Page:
Premature ovarian failure

Premature ovarian failiure may occur due to auto-immune disease or as an isolated 'premature menopause'. The diagnosis is also known as primary ovarian failure or primary gonadal failure.

General examination

To diagnose premature ovarian failure a detailed and full general examination is mandatory in the assessment of all patients, particularly seeking signs of other organ specific auto-immune diseases.

Height, weight, and BMI

In children and young adults it is useful to plot growth against standardised charts to aid pubertal staging. Extremes of height or weight should raise the suspicion of possible alternative diagnoses.

Arms, carrying angles, hands and feet

These should all be normal in patients with premature ovarian failure. Increased carrying angles tend to occur in Turner’s syndrome, and shortened metacarpals and metatarsals may be seen in pseudopseudohypoparathyroidism.

Blood pressure

This should be assessed in both upper and lower limbs to screen for coarctation of the aorta in Turner’s syndrome.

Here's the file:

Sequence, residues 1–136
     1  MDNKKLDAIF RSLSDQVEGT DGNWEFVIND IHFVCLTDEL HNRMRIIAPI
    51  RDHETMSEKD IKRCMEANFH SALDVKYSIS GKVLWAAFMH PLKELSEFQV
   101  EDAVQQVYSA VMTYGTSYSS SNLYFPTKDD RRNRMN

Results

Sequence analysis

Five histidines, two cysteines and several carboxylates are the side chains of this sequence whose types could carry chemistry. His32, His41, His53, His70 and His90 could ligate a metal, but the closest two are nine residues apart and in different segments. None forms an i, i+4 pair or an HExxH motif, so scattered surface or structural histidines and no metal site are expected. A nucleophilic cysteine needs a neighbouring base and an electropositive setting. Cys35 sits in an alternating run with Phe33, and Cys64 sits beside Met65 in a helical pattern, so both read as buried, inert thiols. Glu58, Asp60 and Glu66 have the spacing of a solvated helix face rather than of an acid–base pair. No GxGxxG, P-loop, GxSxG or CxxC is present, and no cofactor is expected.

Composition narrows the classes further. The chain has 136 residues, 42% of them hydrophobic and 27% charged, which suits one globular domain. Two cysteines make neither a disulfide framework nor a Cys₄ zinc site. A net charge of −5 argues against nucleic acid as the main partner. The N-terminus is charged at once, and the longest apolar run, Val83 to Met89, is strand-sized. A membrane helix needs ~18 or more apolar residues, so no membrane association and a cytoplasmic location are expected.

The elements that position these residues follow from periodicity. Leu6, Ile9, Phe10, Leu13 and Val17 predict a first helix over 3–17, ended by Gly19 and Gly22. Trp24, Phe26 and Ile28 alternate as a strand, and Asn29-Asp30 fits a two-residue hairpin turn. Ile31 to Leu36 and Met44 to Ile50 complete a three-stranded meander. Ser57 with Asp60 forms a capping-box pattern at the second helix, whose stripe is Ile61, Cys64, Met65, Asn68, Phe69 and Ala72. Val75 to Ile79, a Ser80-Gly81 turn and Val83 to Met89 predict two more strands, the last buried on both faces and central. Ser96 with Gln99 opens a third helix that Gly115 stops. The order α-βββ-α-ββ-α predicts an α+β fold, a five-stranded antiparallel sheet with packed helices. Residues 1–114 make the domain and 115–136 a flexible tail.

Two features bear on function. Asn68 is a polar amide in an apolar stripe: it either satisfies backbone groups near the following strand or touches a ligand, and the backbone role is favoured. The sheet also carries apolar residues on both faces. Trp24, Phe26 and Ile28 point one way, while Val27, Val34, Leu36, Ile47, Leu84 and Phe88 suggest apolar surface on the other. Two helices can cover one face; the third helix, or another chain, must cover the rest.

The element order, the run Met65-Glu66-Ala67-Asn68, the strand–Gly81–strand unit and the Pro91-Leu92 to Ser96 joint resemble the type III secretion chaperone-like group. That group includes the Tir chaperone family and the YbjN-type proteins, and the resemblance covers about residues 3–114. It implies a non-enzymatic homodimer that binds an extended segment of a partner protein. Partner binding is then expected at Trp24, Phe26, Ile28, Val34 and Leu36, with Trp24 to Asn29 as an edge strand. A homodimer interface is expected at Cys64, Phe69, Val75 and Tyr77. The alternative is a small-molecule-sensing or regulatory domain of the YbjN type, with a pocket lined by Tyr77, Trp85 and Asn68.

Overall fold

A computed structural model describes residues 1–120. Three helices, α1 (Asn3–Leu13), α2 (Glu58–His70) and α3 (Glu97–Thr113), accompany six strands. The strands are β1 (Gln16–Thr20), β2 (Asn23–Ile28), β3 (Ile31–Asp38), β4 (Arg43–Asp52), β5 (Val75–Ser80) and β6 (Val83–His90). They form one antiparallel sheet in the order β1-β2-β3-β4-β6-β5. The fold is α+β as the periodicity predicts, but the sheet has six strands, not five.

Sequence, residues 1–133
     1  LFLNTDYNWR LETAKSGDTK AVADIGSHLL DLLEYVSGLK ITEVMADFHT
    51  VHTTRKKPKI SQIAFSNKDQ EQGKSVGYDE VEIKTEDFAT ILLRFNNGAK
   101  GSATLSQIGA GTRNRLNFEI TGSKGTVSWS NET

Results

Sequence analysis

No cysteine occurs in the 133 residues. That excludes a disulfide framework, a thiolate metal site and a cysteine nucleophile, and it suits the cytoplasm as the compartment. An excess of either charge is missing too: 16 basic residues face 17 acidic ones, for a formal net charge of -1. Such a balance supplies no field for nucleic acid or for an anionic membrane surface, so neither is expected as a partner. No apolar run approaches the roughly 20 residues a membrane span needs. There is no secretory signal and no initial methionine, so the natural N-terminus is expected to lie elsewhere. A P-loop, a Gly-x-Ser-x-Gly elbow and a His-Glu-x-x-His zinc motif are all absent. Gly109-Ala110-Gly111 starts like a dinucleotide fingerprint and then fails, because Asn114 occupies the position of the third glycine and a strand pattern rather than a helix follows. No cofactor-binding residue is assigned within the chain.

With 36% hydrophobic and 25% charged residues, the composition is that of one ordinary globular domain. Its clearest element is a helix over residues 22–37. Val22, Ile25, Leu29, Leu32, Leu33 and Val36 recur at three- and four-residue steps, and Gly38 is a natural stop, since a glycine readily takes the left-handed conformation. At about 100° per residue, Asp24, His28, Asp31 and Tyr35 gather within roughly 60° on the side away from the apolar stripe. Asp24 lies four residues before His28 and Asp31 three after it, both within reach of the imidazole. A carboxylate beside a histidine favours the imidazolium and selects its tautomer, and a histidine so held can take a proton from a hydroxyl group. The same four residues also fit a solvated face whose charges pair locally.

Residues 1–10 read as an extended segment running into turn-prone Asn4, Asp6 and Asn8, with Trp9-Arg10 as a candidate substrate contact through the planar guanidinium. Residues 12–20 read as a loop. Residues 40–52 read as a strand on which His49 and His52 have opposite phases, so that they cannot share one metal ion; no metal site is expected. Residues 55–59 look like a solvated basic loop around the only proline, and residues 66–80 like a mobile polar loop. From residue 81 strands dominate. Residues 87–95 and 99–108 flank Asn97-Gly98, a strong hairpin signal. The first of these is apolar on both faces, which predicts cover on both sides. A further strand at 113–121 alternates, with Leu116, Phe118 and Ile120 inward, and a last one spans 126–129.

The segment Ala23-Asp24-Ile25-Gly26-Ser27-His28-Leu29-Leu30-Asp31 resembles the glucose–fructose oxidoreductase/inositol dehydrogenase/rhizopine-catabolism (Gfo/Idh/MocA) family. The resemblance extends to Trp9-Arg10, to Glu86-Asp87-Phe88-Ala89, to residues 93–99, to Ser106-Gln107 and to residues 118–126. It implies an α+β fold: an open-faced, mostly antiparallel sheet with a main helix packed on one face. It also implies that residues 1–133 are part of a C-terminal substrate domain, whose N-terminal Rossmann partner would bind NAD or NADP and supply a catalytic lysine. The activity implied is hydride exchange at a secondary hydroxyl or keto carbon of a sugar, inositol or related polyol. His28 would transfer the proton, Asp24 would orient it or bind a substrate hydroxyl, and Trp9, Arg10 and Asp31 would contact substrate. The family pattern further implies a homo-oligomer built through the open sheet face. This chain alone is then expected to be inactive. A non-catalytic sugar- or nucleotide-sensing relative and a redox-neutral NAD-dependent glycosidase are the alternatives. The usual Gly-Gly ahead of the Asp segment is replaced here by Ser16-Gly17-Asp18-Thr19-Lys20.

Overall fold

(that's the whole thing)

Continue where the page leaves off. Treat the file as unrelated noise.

Cardiovascular examination

This should be assessed thoroughly in patients with suspected hypogonadism to seek evidence of heart failure and for possible complications of Turner’s syndrome.


Full pubertal staging should be performed in any patient presenting with amenorrhoea. 

Nipple spacing tends to be increased in Turner’s syndrome.

Galactorrhoea suggests that hyperprolactinaemia is present. Serum prolactin levels may increase after breast examination and so should always be tested before this is performed.

Body hair

Secondary sexual hair should be assessed as part of pubertal staging and in all adults presenting with suspected hypogonadism.

Fine vellus hair is seen in patients with very low body mass and may be associated with hypothalamic hypogonadism.

External genitalia

Secondary sexual characteristics should be assessed as part of pubertal staging.

Clitoromegaly and ambiguous genitalia should also be assessed.


Poor muscle bulk may indicate gonadotropin deficiency.

Muscle wasting may also occur in glucocorticoid deficiency.

Proximal myopathy and slow relaxing reflexes may occur with loss of thyroid function.

Thyroid and thyroid status

Specifically seek signs of thyroid dysfunction in all cases, since this is associated with auto-immune premature ovarian failure.